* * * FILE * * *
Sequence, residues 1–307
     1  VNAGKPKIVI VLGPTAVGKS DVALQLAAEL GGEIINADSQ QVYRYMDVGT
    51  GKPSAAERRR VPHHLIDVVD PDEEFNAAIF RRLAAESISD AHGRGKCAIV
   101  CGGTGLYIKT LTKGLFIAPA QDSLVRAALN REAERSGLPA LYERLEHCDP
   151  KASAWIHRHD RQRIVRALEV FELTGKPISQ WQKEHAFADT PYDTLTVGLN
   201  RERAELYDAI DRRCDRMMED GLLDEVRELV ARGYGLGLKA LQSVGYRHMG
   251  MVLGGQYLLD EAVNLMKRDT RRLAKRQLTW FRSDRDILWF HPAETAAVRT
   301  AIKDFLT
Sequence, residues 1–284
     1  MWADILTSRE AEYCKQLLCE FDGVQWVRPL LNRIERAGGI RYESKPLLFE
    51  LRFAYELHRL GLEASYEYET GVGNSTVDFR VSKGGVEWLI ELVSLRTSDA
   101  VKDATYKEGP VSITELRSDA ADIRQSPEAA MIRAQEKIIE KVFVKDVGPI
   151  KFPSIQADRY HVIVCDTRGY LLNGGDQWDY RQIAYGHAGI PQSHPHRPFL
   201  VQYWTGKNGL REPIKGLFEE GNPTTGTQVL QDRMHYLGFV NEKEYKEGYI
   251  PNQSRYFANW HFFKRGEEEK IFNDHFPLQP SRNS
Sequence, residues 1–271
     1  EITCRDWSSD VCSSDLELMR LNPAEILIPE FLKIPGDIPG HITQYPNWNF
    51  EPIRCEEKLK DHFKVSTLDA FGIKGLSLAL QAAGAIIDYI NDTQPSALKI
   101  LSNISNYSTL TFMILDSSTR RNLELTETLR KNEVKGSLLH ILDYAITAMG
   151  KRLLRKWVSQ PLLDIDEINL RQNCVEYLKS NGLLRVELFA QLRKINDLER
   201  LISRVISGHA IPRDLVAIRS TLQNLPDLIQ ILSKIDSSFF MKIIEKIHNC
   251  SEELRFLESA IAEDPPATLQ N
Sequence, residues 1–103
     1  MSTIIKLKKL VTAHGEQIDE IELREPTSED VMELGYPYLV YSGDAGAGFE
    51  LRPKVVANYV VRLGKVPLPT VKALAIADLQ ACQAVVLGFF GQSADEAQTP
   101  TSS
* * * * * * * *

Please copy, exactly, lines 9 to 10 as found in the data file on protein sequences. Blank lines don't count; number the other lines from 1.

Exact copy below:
Sequence, residues 1–284
     1  MWADILTSRE AEYCKQLLCE FDGVQWVRPL LNRIERAGGI RYESKPLLFE